So much has been said about how hybrid working is a fairer, more employee-friendly, progressive mode to operate in. However, surely this can only be the case if all workers are flourishing under this new way of operating, to an equal extent?
It feels like a breakthrough overall. The notion of working from home, and of employees being afforded choice that compliments their lives, was fought for long before COVID sped up the process. It’s therefore unsurprising that the working world is largely seeing the subsequent transition as a positive move.
But, are we sure that the way in which this transition has been deployed, has benefitted everyone in equal measure, though?
In some cases, hybrid structures can cause larger gaps in diversity, equity and inclusion across an organisation. Those who need – rather than just want – to work from home, may find it more difficult to form connections and collaborate with colleagues and could potentially miss out on some other opportunities for professional growth.
To explain, it is still likely that those aforementioned factors – culture, social, career development, and collaboration – will manifest more often within the archetypal workplace. Those who choose to work remotely almost all of the time will be inadvertently opting out of some of those benefits. When considering the impact that hybrid and remote work will have on inclusivity and diversity, we must account for people who don’t have the same extent of choice about where they work.
In particular, employees who are racial, gender or ability minorities may have to stay remote to protect their physical and mental wellbeing. Many underrepresented groups still experience microaggressions in traditional workplace settings and may have also seen the recent hybrid switch as a protectionist opportunity, rather than a work-life prospect.
In an era where people are encouraged to open up about their mental health – anxieties, depression and a host of hidden illnesses – this option to remove themselves from congested spaces may have also replaced an opportunity to seek help from an employer, to confide in colleagues, or to more tangibly separate their different areas of life.
Of course, much of this points towards general cultures set by an organisation already, and you’d hope there were measures in place to assist people from all minority backgrounds, and of all states of health. But, in focusing completely on the process of enacting a hybrid working model, businesses must be careful not to undo some of this inclusivity work, by accidentally ostracising individual team members.
Three steps to championing inclusivity
There is a flipside to the coin, too, for those who do still prefer to work in the office more often than not. Busy workspaces with poor social distancing are likely to be far more anxiety-inducing after recent events. Overcrowded car parks as a result of downsizing could also be a cause for stress. Both scenarios might lead to people arriving earlier to guarantee space – not exactly a pre-requisite for positive wellbeing and equal opportunity, should others have their arrival times restrained by family, home or travel challenges.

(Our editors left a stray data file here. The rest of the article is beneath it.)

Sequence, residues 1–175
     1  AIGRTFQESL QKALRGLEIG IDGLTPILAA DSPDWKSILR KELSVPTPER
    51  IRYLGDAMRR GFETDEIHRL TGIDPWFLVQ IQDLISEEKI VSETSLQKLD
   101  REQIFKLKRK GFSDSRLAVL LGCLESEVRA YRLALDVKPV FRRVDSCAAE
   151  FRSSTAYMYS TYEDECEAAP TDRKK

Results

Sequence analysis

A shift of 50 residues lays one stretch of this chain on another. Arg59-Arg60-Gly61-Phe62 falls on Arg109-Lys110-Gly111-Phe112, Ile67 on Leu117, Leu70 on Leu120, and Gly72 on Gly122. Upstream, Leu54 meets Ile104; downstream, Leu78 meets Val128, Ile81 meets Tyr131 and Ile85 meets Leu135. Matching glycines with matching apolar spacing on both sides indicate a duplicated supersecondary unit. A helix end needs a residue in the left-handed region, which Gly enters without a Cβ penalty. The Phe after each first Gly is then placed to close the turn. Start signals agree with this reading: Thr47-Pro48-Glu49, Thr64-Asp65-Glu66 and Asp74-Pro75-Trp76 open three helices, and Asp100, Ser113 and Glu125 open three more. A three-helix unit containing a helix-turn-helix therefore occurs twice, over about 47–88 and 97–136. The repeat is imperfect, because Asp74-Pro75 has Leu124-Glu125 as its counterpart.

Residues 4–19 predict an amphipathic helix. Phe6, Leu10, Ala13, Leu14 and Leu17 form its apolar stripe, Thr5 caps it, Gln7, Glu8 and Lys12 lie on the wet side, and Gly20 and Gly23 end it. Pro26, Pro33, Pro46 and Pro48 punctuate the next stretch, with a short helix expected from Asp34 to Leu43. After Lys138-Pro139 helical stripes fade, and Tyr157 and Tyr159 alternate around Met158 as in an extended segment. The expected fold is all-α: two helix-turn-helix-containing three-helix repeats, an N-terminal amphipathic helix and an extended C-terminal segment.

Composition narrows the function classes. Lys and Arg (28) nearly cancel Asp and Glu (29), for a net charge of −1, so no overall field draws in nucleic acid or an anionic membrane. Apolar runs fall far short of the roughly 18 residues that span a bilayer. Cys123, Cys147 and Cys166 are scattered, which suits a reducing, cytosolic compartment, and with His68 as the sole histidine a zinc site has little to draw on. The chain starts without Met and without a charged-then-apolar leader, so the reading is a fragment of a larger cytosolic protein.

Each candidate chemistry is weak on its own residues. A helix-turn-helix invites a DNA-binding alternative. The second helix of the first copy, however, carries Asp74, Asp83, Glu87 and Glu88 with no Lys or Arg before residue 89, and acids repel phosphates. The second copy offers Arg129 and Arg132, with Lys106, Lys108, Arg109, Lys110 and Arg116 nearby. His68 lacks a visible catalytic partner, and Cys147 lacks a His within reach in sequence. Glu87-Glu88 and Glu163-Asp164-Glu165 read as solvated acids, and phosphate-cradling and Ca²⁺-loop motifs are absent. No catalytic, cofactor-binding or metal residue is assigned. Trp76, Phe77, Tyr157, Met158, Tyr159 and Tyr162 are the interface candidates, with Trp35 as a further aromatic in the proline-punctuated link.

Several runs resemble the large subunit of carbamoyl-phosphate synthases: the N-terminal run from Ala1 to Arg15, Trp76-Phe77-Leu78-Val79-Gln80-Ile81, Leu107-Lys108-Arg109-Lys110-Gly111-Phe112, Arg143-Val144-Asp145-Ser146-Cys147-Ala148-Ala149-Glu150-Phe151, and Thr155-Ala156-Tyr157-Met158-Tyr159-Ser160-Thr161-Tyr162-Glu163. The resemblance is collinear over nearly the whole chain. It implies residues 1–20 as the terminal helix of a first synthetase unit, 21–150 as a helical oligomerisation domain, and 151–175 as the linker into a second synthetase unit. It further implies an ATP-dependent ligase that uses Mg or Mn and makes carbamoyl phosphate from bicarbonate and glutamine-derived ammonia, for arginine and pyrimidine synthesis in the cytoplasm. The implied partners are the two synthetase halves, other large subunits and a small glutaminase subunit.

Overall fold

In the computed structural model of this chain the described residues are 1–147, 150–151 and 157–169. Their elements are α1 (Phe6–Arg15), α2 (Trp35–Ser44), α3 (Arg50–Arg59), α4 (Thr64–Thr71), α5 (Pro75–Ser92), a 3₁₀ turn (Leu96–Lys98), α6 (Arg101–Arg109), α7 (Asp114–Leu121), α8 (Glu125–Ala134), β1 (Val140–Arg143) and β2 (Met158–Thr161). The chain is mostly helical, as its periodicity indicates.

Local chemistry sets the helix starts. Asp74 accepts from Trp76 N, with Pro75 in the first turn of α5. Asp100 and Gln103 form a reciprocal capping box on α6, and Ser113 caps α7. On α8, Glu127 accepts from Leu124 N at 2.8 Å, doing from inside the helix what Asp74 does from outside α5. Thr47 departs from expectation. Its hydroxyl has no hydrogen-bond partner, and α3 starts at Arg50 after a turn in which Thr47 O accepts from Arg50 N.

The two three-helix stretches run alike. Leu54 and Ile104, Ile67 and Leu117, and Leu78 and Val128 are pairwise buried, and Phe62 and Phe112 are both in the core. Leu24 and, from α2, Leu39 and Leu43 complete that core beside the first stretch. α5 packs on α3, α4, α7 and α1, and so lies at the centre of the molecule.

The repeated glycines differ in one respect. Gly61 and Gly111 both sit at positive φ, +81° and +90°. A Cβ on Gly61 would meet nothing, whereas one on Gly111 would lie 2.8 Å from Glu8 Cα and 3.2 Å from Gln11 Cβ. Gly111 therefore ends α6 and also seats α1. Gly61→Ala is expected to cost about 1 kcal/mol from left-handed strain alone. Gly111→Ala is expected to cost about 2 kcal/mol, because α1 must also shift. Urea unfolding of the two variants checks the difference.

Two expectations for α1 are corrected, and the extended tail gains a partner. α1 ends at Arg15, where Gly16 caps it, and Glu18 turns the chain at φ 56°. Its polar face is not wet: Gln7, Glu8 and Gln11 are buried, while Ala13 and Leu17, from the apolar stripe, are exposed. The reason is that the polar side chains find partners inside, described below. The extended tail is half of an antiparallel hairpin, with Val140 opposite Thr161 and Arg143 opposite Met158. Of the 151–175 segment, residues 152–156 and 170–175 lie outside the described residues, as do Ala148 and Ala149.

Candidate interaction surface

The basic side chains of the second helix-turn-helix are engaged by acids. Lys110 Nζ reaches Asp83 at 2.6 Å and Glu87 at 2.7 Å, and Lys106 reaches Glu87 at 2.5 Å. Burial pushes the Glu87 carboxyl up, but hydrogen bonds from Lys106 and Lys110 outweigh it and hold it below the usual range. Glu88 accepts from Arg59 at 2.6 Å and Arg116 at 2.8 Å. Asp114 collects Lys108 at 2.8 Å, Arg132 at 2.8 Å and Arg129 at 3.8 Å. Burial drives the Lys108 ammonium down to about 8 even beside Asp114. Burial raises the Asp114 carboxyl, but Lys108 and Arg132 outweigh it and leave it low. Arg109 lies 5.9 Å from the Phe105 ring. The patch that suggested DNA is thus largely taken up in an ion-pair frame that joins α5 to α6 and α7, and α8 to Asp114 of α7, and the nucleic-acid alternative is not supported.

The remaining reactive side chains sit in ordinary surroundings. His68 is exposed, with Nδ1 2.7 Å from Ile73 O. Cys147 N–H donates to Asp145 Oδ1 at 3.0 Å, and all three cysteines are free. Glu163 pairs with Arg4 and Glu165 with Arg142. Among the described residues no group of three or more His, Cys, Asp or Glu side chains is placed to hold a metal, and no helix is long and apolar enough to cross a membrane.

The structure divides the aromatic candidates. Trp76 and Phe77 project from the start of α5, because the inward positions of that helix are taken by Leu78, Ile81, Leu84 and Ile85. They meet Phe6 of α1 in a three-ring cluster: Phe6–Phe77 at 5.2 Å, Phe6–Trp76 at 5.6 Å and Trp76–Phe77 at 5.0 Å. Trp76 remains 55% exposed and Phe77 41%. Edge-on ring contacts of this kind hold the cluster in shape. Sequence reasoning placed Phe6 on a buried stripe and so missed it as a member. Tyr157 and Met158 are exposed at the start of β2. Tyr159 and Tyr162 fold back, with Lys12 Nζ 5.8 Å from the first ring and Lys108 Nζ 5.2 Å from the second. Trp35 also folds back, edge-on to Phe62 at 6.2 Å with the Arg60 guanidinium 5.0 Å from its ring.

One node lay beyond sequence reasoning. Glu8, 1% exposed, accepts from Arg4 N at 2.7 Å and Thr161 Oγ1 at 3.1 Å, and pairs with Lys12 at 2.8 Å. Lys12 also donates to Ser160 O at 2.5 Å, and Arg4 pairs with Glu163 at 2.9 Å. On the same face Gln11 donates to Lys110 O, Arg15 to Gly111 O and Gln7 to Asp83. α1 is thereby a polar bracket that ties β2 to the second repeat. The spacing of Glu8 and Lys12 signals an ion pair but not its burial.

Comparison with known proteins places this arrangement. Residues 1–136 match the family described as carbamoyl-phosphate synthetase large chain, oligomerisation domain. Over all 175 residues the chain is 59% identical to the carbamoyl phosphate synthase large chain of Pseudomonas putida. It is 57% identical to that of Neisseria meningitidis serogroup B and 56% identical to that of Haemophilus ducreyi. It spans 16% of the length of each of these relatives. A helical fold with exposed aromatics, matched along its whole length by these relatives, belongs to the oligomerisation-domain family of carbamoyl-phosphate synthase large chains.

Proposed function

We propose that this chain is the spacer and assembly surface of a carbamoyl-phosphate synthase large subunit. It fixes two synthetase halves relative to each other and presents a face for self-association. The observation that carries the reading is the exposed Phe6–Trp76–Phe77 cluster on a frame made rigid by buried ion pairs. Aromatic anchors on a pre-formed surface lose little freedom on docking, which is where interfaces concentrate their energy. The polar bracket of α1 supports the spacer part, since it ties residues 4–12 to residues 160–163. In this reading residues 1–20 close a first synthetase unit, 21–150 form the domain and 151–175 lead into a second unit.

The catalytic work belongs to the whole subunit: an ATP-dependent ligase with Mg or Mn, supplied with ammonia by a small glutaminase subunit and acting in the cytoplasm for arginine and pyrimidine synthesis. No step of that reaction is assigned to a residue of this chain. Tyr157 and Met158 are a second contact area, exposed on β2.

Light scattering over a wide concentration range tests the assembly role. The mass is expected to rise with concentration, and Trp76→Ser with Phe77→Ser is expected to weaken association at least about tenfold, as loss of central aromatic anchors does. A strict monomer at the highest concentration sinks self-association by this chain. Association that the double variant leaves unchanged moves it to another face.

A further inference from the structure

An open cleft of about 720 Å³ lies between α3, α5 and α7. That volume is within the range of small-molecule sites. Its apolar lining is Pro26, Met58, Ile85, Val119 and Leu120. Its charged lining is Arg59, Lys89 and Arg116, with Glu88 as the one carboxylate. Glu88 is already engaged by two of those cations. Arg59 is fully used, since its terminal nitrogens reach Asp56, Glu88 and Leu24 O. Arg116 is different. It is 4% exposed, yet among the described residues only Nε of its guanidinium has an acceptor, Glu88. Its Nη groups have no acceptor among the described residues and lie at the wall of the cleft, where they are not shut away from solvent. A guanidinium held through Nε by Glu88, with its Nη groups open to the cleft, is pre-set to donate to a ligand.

What all of this points towards is a threefold approach required among decisionmakers and the C-suite. First, for those really not reading the room yet, adopting an employee-first mindset to actually pinpoint and address different individuals’ concerns is paramount. Secondly, a rethink around how hybrid working is put forward and presented to workers is also needed, so that everyone is truly brought onboard with this pivot.
And then, what workers need, is evidence – proof that this inclusive approach to hybrid working is actually going to play out in reality, so that all can share in its benefits equally.
That’s where technology comes in.
All employees aboard
Without ticking all three of those boxes, an organisation is likely to be on a fast track towards harmed reputation, reduced worker performance, heightened discontent among and between employees, poorer retention rates, and, ultimately, risked profitability should key workers revolt.
Digital intervention is therefore vital to showing workers that inclusivity in the hybrid working world isn’t just an empty promise. This investment into innovation should appear in the form of advanced resource management software that can ensure all workers are reading from the same real-time information pertaining to office space, availability, function and accessibility.
All workers need to be confident that when they go to the office, they already have a desk, a boardroom, a meeting room, or a collaboration space that suits their needs, booked. They want to know that this won’t clash or interfere with others, or that it won’t fall on a day that is already going to see high or disruptive levels of foot traffic.
Those with mental health concerns or physical disabilities might want reassurance that their chosen moment to enter the office can be on a quieter day with easier access; or conversely when there is a better social atmosphere if in search of that familiar workplace vibe.
Ultimately, the primary benefit of hybrid working is that it facilitates each individual to carry out their work, to the best of their ability, based on what they deem the best environment to be in, at any given time. With each person envisaging this dynamic in a personal way, the end result will undoubtedly be fluid – and even chaotic – for organisations, and that’s why transparent, clear insight into the real-time state of play is critical as part of workplace development initiatives.
What mustn’t be forgotten across this effort, is how vital such inclusive and clear information will also be to those who have so far felt left behind during the hybrid transition.